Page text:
“An apolitical public service is one of the key institutions in our Westminster system,” he told the audience in the Canberra speech. Strong institutions and the rule of law, the checks and balances of the parliamentary system inherited from Britain, were what prevented Australia descending into the chaos of a “post-truth world”, he said.

Integrity academic A.J. Brown, at Griffith University, was even more explicit. Pezzullo’s ambitions, he said, were “all about amassing power” and “that’s the environment in which megalomaniacs become a problem in any political system over the centuries”.

There is no suggestion either Pezzullo or Briggs acted illegally or corruptly. Briggs was doing what lobbyists do – making connections between powerful people, carrying messages, and keeping an ear out for any business opportunities.

A number of commentators pointed out, though, that Pezzullo was so far over the line of what was acceptable in a public servant – and what is required of agency heads under the Public Service Act – that he’s been stood down and will be investigated by the Australian Public Service Commission.

Some will say he was just a rogue bureaucrat.

However, that he was able to operate like this while at the peak of the public service, and maintain his position after Labor took office, is emblematic of what a number of experts believe is a larger problem also highlighted by the robo-debt disaster.

In Australia, at both state and federal levels, a number of inquiries have now found that the public service has become politicised in a way that has thrown its institutional checks on power out of balance.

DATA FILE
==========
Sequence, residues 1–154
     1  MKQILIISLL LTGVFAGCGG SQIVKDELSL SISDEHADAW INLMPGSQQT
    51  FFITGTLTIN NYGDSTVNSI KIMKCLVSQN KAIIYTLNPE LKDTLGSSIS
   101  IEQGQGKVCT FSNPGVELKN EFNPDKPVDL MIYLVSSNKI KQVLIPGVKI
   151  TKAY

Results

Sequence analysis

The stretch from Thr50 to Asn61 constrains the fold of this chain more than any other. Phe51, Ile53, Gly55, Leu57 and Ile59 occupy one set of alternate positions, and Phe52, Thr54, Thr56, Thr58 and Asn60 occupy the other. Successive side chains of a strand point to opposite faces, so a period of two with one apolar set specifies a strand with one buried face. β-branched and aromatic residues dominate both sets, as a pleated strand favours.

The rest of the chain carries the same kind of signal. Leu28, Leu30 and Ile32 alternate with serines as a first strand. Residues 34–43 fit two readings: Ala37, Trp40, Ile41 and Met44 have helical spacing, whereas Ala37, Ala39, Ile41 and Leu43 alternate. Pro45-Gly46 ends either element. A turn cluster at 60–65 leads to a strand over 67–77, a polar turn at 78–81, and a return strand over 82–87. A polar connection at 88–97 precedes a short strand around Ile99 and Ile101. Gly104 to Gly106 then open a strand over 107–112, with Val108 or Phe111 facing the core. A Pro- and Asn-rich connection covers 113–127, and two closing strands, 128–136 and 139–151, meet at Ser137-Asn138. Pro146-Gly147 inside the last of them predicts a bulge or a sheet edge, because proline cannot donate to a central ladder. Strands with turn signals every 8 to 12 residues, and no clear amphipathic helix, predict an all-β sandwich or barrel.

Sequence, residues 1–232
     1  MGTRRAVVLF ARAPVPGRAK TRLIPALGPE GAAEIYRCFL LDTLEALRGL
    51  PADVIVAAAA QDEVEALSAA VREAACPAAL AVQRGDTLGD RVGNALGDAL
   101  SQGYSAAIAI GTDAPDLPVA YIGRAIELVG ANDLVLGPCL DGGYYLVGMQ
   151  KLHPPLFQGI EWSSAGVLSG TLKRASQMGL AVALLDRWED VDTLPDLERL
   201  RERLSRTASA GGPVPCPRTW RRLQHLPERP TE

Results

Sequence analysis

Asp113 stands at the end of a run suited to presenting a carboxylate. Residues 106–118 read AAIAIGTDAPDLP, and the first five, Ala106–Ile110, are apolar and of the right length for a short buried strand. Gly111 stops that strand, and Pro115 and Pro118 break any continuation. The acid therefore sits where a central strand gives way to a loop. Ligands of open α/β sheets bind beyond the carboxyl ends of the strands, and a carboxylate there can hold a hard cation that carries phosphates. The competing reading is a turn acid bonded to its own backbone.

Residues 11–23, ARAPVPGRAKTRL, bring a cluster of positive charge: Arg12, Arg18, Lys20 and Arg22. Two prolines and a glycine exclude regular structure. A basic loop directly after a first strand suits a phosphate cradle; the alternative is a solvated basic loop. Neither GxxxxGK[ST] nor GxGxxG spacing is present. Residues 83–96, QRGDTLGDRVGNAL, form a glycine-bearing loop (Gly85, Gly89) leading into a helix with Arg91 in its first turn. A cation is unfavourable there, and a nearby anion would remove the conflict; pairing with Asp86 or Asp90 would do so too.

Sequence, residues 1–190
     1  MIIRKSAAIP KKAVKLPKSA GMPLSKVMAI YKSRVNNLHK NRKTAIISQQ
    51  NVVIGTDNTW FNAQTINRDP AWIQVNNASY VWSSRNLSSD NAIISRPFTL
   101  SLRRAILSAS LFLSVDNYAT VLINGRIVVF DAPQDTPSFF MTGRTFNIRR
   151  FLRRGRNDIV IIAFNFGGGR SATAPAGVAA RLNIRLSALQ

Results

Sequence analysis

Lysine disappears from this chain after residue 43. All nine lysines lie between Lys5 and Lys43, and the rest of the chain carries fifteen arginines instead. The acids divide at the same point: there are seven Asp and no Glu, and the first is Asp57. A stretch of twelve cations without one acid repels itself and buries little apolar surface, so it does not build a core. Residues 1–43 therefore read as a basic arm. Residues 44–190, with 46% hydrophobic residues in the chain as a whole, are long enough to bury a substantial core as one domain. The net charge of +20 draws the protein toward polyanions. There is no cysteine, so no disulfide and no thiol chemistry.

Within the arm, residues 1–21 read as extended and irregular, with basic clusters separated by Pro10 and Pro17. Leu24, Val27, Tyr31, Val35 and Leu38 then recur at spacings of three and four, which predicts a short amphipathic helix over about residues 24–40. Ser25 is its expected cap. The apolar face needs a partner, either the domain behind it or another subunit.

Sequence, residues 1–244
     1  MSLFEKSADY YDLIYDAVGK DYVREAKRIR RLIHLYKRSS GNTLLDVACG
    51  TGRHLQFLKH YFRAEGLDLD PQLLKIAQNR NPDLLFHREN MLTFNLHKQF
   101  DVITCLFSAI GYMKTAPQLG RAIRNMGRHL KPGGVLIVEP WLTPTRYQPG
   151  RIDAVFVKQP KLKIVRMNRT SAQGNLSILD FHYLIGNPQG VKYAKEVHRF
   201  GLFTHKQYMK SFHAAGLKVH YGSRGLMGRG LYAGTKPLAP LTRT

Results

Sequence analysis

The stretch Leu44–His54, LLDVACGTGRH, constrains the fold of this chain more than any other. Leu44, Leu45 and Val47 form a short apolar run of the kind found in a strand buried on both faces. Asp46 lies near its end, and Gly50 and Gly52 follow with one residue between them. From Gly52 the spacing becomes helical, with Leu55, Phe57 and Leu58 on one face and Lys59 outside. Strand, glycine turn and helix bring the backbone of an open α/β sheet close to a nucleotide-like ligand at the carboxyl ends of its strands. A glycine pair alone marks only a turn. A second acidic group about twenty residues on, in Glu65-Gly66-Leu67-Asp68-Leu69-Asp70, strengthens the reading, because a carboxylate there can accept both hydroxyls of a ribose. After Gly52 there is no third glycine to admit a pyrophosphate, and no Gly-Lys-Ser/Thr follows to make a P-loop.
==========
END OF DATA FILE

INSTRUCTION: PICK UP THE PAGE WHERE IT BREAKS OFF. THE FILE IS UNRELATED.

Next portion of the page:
Beyond the question of Pezzullo’s future, the experts say, the Albanese government needs to grapple with this, and decide whether the system that exists at the moment is still fit for purpose.

Due process

In Anthony Albanese’s first press conference as prime minister, he sent a clear signal to the bureaucracy: “We won’t be sacking public servants … We will be valuing public servants and respecting them.”

It was an advertisement for continuity, and it was based on a sound principle: any government that wants public servants to provide fearless, apolitical advice should not gratuitously sack them.

Anthony Albanese and his team at his first press conference as prime minister in May 2022.Credit: James Brickwood

Sackings had been a feature of the early days of a number of recent governments. Even before John Howard was sworn in as prime minister he dismissed six secretaries in what became known as the “night of the long knives”. Tony Abbott dismissed three in 2013, and in 2019, Morrison accepted the resignation of the highly regarded Martin Parkinson and appointed instead his former chief of staff, Phil Gaetjens, as the head of Prime Minister and Cabinet. Two other secretaries were moved on.

The outcome of a politicised bureaucracy is yes-men and yes-women in key roles.